Hello again everyone! I just wanted to say real quick THANK YOU ALL SO MUCH! I have received so much positive reactions and messages from people, and it warms my heart to see my beloved City of Scranton and NEPA being so caring and compassionate! I hope I can live up to my promise!
Have you ever thought of who you are as a whole — your identity and biology and morals and thoughts and everything — as a house?
We have our framework and outer covering, where the studs are bones and siding is your skin. Then we have the living room, the place everyone sees, like your external social persona. In the kitchen and dining room, we find the deeper parts of our personality and invite people in to talk about more serious topics (over food, of course), like morals and ethics and politics. In the bedrooms, we keep the private lives we share with only a few people. Finally we have the basement, where we store the stuff we don’t want to deal with or talk about.
Yet when you have given a house tour, have you ever shown anyone your closet? We don’t usually share this side because our hidden secrets — substance abuse, sexual abuse, self-shame, guilt, suicidal thoughts — live there. People walk by our closet every day without knowing what is inside. We keep those secrets hidden just enough that we can pretend they don’t exist but close enough that we can protect them.
Many people have heard the term “coming out of the closet,” but often they don’t really understand it. Outing yourself or being outed as a member of the LGBTQIA++ community can be one of the most relieving, or most damaging, things that can happen to someone.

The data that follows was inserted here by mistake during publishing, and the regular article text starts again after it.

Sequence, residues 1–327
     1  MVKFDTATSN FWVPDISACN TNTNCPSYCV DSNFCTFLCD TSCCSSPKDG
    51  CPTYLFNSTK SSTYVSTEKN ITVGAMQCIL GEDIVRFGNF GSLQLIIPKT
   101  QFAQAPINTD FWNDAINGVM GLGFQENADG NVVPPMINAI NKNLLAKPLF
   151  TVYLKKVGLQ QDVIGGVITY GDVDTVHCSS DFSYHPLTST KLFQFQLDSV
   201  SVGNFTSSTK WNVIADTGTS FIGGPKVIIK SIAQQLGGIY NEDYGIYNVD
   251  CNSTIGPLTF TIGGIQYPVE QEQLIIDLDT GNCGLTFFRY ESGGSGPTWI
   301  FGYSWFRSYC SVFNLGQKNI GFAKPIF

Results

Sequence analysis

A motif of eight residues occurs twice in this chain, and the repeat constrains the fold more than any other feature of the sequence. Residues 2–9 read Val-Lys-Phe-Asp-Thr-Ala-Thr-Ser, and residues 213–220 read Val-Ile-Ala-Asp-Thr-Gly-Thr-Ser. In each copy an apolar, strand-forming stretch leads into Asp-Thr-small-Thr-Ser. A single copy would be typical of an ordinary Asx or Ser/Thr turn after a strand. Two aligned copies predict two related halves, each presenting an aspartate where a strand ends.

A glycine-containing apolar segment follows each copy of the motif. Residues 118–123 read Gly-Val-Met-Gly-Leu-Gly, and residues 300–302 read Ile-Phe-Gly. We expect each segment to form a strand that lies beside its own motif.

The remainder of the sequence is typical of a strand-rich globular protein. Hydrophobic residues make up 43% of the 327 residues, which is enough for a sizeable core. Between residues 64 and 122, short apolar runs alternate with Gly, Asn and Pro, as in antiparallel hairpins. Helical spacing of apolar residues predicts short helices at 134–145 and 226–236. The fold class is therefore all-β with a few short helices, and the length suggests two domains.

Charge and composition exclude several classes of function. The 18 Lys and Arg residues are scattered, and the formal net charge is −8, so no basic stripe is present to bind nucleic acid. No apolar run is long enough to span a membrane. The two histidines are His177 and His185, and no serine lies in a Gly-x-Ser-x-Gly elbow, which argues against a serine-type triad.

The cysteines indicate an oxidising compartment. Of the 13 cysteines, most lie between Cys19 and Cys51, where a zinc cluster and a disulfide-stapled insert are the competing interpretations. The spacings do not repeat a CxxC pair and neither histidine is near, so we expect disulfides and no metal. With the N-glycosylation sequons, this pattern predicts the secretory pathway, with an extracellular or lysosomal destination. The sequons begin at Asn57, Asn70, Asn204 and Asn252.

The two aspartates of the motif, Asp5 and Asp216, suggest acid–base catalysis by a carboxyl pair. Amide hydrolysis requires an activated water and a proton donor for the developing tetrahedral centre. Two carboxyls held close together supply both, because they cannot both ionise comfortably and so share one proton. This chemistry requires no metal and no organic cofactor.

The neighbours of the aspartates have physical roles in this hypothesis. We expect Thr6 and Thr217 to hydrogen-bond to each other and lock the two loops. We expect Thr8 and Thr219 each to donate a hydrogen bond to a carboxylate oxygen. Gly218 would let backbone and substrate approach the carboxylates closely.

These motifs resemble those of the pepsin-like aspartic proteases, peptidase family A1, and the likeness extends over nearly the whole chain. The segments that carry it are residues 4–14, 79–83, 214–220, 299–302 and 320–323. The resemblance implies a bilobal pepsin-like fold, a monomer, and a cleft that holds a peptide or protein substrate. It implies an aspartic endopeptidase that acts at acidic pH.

Every acronym in LGBTQ experiences coming out differently, with each person having unique struggles. Understand this is a generalized overview, and your individual mileage may vary.
L stands for “lesbians,” women sexually attracted to or involved with other women, with a few exceptions. In our culture, lesbians often are ignored or go unrecognized. Stereotypically, they are seen as confused, as girls who experiment sexually or, even worse, as masculine women with internalized misogyny.
Often when lesbians come out, they are not met with shock or concern but rather an, “Oh, OK, honey” type of comment, which not only is incredibly minimizing and dismissive but also assumes that every woman explores her sexuality. While lesbians can be shamed for coming out, it has become one of the more acceptable practices in today’s culture. Families typically respond in an accepting but hesitant manner, although everyone’s experience differs.